U.S. Attorney Bill Nettles, the U.S. Department of Justice and the U.S. Environmental Protection Agency (EPA) announced recently that U.S. District Court Judge Cameron Currie approved a consent decree with Weylchem US Inc. to resolve alleged violations of federal and state air, water, and solid waste pollution laws at Weylchem’s specialty chemical manufacturing facility in Elgin and its wastewater treatment plant in Lugoff. Under the consent decree, Weylchem agreed to perform corrective action measures and to pay a civil penalty of $500,000, of which $175,000 will be paid to the S.C. Department of Health and Environmental Control.
The facility has operated in Elgin since 1967 under various names including Elgin Fine Chemicals, Clariant LSM (America) Inc., and Archimica Inc. The facility produces chemicals for use in pharmaceuticals, pesticides and other products.
The consent decree addresses alleged violations including the mismanagement of hazardous waste under the Resource Conservation and Recovery Act and South Carolina regulations, and standards for hazardous air pollutant emissions under the Clean Air Act. Alleged violations at the Lugoff facility include discharges to the Wateree River that exceeded permitted limits for many of the contaminants of concern under the Clean Water Act. Contaminants of concern include benzene, benzoyl chloride, chlorine, ethyl chloride, ethylene glycol, methanol, methylene chloride, phenol, toluene, and xylene.
Nettles expressed his satisfaction with the consent decree, “After years of negotiations, this consent decree is good news for the Lugoff and Elgin communities and the people of South Carolina. Of particular significance is the fact that this consent decree requires Weylchem to eliminate the discharge to the Wateree River and to stop trucking the waste from Elgin to Lugoff, which of course means that there is no opportunity for a spill on our highways.”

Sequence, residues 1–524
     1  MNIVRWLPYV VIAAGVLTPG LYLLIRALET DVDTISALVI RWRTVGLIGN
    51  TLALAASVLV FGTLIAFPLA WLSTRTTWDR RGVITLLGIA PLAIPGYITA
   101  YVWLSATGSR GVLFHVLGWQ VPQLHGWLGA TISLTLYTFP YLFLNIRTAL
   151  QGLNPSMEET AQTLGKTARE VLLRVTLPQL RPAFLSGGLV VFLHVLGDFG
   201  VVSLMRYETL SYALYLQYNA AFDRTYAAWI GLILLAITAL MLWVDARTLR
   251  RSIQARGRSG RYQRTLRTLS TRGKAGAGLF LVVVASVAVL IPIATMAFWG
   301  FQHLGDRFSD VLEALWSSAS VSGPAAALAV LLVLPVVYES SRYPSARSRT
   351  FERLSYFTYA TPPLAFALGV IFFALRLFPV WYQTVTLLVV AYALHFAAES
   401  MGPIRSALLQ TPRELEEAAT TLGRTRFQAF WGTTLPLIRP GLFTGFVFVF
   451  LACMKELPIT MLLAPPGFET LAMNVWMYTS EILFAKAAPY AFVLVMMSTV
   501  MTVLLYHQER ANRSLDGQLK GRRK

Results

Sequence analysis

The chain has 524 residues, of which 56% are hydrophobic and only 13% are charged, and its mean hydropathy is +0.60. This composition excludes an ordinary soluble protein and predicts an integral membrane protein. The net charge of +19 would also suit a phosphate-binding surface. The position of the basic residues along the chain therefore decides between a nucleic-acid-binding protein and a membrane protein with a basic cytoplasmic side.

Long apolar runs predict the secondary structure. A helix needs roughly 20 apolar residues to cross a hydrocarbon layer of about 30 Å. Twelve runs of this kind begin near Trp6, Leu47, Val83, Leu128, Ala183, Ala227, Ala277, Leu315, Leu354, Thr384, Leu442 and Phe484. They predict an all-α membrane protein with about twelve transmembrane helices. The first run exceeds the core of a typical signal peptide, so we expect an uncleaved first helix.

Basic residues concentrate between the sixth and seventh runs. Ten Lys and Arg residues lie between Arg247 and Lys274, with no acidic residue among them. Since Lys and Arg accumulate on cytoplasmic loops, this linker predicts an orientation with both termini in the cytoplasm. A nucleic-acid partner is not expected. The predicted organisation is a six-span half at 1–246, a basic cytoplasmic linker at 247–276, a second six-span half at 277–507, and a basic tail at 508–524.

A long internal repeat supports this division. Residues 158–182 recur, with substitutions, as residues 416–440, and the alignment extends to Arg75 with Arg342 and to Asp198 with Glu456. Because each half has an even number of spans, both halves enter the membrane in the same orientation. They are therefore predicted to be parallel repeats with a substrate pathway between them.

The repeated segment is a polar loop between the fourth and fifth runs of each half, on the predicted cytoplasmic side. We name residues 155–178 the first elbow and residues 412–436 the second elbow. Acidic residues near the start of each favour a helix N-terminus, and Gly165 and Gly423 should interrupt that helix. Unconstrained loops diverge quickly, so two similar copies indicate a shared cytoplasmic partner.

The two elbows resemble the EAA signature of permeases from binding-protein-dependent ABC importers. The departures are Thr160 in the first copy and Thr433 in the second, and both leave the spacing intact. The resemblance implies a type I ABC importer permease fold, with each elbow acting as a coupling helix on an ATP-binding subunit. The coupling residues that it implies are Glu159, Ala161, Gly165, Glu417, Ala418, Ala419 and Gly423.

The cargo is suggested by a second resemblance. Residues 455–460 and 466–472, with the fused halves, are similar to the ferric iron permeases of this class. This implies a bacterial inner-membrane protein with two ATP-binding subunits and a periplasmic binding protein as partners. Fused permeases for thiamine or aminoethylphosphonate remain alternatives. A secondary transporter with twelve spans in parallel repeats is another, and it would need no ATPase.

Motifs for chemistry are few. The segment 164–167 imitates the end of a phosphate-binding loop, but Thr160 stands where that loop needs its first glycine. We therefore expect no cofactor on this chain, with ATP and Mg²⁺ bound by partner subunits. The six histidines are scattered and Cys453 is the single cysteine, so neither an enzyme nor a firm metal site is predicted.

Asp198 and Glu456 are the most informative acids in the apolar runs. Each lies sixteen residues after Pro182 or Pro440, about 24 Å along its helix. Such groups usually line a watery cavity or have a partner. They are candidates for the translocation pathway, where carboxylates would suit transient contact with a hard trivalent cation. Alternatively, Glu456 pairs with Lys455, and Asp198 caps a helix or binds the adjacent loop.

“This agreement will result in better management practices that will ultimately lead to greater protection of public health and the environment for the citizens of South Carolina,” said Gwen Keyes Fleming, regional administrator for EPA.
Under the terms of the settlement, Weylchem will no longer be allowed to send wastewater from the Elgin facility to the Lugoff facility and by the end of 2013 will be prohibited from discharging any wastewater into the Wateree River at the Lugoff facility. In addition to eliminating discharge into the Wateree River, the settlement will also result in the elimination of noise and pollution from approximately 30 tanker truck trips per day over public roads and the potential for spills of industrial wastewater during transport.
The facility has already completed a project to reduce its air emissions by improving its air pollution control equipment. The settlement also requires Weylchem to make significant changes to the current operations at the Elgin facility. The corrective actions include addressing fugitive air emissions by implementing an enhanced leak testing and repair regime based on the results of a third-party audit. Weylchem will also test its waste tanks and basins, and sample wastewater and sediment at the Elgin facility, and, if the tests show that tanks or basins are leaking, will make necessary repairs and address potential impacts to the environment. Furthermore, Weylchem has agreed to investigate possible soil or groundwater contamination at the Lugoff site and, if contamination is discovered, to develop and implement a cleanup plan.